Wollstonecraft Obituary (1) (1797)

Letter to the Editor, Monthly Magazine 4 (September 1797), 232-33.

Obituary on Mary Wollstonecraft (unsigned)

     On Sunday, the 10th of September, in childbed, Mrs. Godwin, late Mary Woolstonecraft, author of the Vindication of the Rights of Woman, one Volume towards the History of the French Revolution, Travels into Scandinavia, &c. This extraordinary woman, no less distinguished by admirable talents and a masculine tone of understanding, than by active humanity, exquisite sensibility, and endearing qualities of heart, commanding the respect and winning the affections of all who were favored with her friendship and confidence, or who were within the sphere of her influence, may justly be considered as a public loss. Quick to feel, and indignant to [233] resist the iron hand of despotism, whether civil or intellectual, her exertions to awaken in the minds of her oppressed sex a sense of their degradation, and to restore them to the dignity of reason and virtue, were active and incessant: by her impassioned reasoning and glowing eloquence, the fabric of voluptuous prejudice has been shaken to its foundation, and totters towards its fall: while her philosophic mind, taking a wider range, perceived and lamented in the defects of civil institutions, interwoven in their texture, and inseparable from them, the causes of those partial evils, destructive to virtue and happiness, which poison social intercourse and deform domestic life.

     The history of this singular woman (still within a very late period) has been that of one continued struggle with adverse circumstances, cares, and sorrows, compared, in every instance but one (over which humanity sheds its softest tear) with heroic fortitude. A victim to the vices and prejudices of mankind, her ardent, ingenuous, unconquerable spirit, resisted their contagion[,] contemned their injustice, rose superior to injury, and rested firmly on its own resources and powers. Her various excellencies and attractive qualities, at length, triumphing over her malignant destiny, placed her in a situation congenial to her feelings, where her ardent affections and admirable talents found ample exercise. A wife, a mother, surrounded by tender, admiring, intelligent friends, her heart expanded, her powers acquired new vigor, life brightened, and futurity opened a prospect beaming with hope and promise. At this interesting period, a fatal coincidence of events blasted every fair and fond expectation; and death, attended with more than its accustomed pangs and terrors, tore from the hapless offspring, the tender husband, the numerous and zealous friends, from society and from the world, the mother, wife, beloved companion, the ornament of her sex, the enlightened advocate for freedom, and the benevolent friend of human kind.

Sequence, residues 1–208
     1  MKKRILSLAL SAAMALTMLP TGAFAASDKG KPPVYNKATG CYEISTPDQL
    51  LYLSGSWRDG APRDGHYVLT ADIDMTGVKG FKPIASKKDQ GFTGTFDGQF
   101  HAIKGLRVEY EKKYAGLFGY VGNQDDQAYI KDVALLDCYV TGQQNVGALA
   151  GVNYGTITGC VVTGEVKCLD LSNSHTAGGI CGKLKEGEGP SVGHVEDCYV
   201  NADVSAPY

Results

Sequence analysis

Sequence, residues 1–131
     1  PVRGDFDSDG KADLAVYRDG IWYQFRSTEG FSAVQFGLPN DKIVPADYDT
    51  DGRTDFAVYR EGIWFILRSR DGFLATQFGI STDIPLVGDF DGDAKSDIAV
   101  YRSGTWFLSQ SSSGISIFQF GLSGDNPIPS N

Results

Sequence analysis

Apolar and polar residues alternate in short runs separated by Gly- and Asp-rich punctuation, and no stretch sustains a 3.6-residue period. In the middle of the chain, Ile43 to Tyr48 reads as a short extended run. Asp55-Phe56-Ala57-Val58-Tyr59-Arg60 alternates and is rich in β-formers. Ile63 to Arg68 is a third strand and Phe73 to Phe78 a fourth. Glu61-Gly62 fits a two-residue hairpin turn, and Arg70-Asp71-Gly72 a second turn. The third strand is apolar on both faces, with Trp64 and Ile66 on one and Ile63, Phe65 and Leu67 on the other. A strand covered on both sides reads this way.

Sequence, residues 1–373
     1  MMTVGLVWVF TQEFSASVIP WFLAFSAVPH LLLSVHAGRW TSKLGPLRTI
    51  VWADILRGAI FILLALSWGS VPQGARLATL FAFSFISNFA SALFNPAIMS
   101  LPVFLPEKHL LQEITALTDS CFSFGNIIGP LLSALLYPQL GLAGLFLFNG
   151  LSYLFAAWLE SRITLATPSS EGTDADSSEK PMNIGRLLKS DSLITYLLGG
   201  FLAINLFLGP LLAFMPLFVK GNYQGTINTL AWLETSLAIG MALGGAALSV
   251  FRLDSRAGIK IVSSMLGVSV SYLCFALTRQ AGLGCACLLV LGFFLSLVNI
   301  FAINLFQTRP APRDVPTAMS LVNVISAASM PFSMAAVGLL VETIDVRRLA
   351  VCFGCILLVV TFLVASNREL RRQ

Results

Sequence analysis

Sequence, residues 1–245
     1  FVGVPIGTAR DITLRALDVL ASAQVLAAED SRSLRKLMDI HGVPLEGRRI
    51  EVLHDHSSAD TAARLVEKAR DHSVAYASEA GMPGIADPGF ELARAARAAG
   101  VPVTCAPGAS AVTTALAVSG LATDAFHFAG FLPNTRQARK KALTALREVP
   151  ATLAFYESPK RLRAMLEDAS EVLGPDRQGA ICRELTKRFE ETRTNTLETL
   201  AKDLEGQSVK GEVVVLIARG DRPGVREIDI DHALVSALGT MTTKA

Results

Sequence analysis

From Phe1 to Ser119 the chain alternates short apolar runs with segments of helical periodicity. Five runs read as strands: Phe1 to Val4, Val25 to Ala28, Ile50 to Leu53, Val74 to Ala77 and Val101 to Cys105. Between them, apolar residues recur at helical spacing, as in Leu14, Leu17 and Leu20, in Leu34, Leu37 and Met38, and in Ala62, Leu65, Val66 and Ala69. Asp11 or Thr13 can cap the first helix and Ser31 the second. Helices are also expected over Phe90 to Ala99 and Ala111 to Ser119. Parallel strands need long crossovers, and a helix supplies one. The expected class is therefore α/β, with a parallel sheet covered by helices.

"Not friends alone such obsequies deplore;

            "They make mankind the mourners, carry sighs

            "Far as the fatal fame can wing its way."1




1 Lines from Edward Young's The Complaint, "Night the Third."